The relationship between leptin expression and oncologic outcomes has not been elucidated sufficiently. Although studies have investigated the survival of patients with a colorectal adenocarcinoma according to leptin expression, data are insufficient to draw any conclusions. In the current study, the strong leptin expression group (group B) showed less lymph node metastasis than the negative, weak, and moderate leptin expression group (group A). No significant differences were observed between the two groups when the N0 and the N1+N2 stages were compared (56% and 44% vs. 52% and 48%, respectively; P = 0.638). The percentages of N0 stage between the two groups were similar (42 of 75, 56% vs. 37 of 71, 52%). Fewer patients in group A had N1 stage (14 of 75, 19% vs. 27 of 71, 38%); however, the percentage of N2 stage was higher in group A (19 of 75, 25% vs. 7 of 71, 10%). Group A had more patients with more advanced N stage (N2) than group B. Our data suggest that leptin expression is inversely associated with lymph node involvement. We postulate that a higher leptin expression level might predict a better oncologic outcome.
These results are consistent with those of a study by Paik et al. [11], in which low leptin expression correlated frequently with lymph node metastasis. Koda et al. [5], however, reported no significant relationship between leptin expression and lymph node metastasis. In our study, no significant associations of leptin expression with depth of invasion (T stage) and AJCC stage were observed, which is in line with the results reported in previous studies by Koda et al. [5]. In contrast, Paik et al. [11] reported that leptin expression correlated with tumor features, such as the depth of invasion and the AJCC and Duke's stages. Another prognostic factor evaluated in our study was tumor differentiation, and we found no significant differences in leptin expressions for the different tumor differentiation grades between the two groups in this study, although well and moderately differentiated tumors were more prominent in group B (89% vs. 94%, respectively). Previous investigations have found lower levels of leptin expression in poorly differentiated tumors than in better differentiated tumors [5,11]. Furthermore, Paik et al. [11] reported that the high leptin expression group showed better survival than the low or the negative leptin expression group. In the current study, however, we found no significant differences in the disease-free and the overall survival rates between groups A and B.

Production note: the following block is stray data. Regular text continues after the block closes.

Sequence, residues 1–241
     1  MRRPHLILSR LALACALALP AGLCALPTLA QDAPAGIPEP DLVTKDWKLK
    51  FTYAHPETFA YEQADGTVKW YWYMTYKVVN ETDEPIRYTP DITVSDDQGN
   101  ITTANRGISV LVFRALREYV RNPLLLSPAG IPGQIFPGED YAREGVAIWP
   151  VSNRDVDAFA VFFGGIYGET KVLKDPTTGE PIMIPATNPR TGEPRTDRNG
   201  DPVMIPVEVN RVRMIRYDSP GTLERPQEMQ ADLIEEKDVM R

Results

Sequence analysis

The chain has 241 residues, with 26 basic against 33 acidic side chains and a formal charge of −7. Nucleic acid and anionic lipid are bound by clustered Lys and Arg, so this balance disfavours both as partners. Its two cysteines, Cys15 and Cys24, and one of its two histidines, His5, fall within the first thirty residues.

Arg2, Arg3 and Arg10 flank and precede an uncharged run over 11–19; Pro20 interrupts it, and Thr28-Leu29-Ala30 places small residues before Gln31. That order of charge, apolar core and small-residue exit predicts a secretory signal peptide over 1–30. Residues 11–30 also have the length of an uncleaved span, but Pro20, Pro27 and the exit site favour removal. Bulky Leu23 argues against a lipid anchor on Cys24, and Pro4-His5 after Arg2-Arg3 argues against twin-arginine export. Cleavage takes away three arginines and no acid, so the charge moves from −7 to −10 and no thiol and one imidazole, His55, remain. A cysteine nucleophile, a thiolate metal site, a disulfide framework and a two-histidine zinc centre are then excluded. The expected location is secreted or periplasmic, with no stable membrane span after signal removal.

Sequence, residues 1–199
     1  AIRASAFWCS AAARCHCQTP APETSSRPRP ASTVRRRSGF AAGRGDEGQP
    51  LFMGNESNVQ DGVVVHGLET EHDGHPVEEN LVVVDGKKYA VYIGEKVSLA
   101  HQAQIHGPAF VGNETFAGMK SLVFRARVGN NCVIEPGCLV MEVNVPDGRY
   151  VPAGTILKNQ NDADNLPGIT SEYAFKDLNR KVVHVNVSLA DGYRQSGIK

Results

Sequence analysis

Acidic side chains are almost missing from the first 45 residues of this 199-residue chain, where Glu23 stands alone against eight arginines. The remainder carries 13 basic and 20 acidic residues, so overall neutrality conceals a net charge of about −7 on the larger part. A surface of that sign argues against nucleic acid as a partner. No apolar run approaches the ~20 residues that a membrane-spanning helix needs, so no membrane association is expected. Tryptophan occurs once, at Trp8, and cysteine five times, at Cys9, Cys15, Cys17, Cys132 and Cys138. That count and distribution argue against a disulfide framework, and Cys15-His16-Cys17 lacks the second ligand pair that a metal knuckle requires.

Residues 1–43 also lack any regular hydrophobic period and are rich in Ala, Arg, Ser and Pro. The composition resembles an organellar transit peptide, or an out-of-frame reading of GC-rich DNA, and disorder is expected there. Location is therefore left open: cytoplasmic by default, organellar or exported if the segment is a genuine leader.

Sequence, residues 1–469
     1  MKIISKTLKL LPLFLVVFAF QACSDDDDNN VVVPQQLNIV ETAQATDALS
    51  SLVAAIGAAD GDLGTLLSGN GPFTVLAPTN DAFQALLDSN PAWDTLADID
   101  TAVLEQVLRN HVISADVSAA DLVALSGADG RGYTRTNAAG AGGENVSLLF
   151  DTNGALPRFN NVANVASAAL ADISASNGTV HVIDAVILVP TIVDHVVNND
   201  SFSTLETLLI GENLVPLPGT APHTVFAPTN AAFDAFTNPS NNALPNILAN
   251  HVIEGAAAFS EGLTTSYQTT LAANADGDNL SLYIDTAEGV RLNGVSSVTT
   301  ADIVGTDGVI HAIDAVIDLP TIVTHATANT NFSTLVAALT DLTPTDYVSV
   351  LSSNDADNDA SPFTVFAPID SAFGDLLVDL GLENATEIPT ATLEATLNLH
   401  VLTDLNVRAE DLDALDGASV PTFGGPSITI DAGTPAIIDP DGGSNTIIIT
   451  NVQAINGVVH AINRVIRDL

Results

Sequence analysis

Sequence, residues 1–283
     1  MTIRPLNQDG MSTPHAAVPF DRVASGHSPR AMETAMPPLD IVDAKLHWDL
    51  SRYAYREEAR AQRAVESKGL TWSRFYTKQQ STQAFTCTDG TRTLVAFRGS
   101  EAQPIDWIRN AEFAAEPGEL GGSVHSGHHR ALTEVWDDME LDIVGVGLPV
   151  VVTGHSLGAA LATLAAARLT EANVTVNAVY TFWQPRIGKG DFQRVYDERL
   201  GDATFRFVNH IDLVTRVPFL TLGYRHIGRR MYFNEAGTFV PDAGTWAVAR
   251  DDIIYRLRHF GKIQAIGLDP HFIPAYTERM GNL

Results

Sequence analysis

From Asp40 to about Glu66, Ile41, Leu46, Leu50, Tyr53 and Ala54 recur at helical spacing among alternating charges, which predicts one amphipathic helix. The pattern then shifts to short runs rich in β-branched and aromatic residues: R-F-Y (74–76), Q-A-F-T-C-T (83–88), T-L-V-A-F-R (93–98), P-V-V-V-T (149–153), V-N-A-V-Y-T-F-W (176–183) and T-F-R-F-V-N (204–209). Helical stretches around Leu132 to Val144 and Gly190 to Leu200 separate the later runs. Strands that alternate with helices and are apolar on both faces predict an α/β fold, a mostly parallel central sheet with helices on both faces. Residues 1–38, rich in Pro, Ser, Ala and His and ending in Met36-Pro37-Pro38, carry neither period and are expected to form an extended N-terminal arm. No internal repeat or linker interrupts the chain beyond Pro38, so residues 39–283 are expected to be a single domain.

In the current study, the relationship between leptin expression in cancer tissue and oncologic outcome was not fully consistent with that reported in previous studies. In those studies, high leptin expression did not show unfavorable oncologic outcome, although the prognostic factors showing favorable outcome were inconsistent between studies. In the study by Koda et al. [5], tumors with better differentiation showed high leptin expression while in the study by Paik et al. [11], high leptin expression correlated with favorable outcomes with regard to the depth of invasion, lymph node metastasis, AJCC stage, tumor differentiation, and lymphatic invasion. In our study, high leptin expression correlated with lower nodal stage. Based on these results, high leptin expression in colorectal cancer tissue might be a prognostic factor, although further evaluation is required to determine the role of leptin in the prognosis for colorectal cancer patients.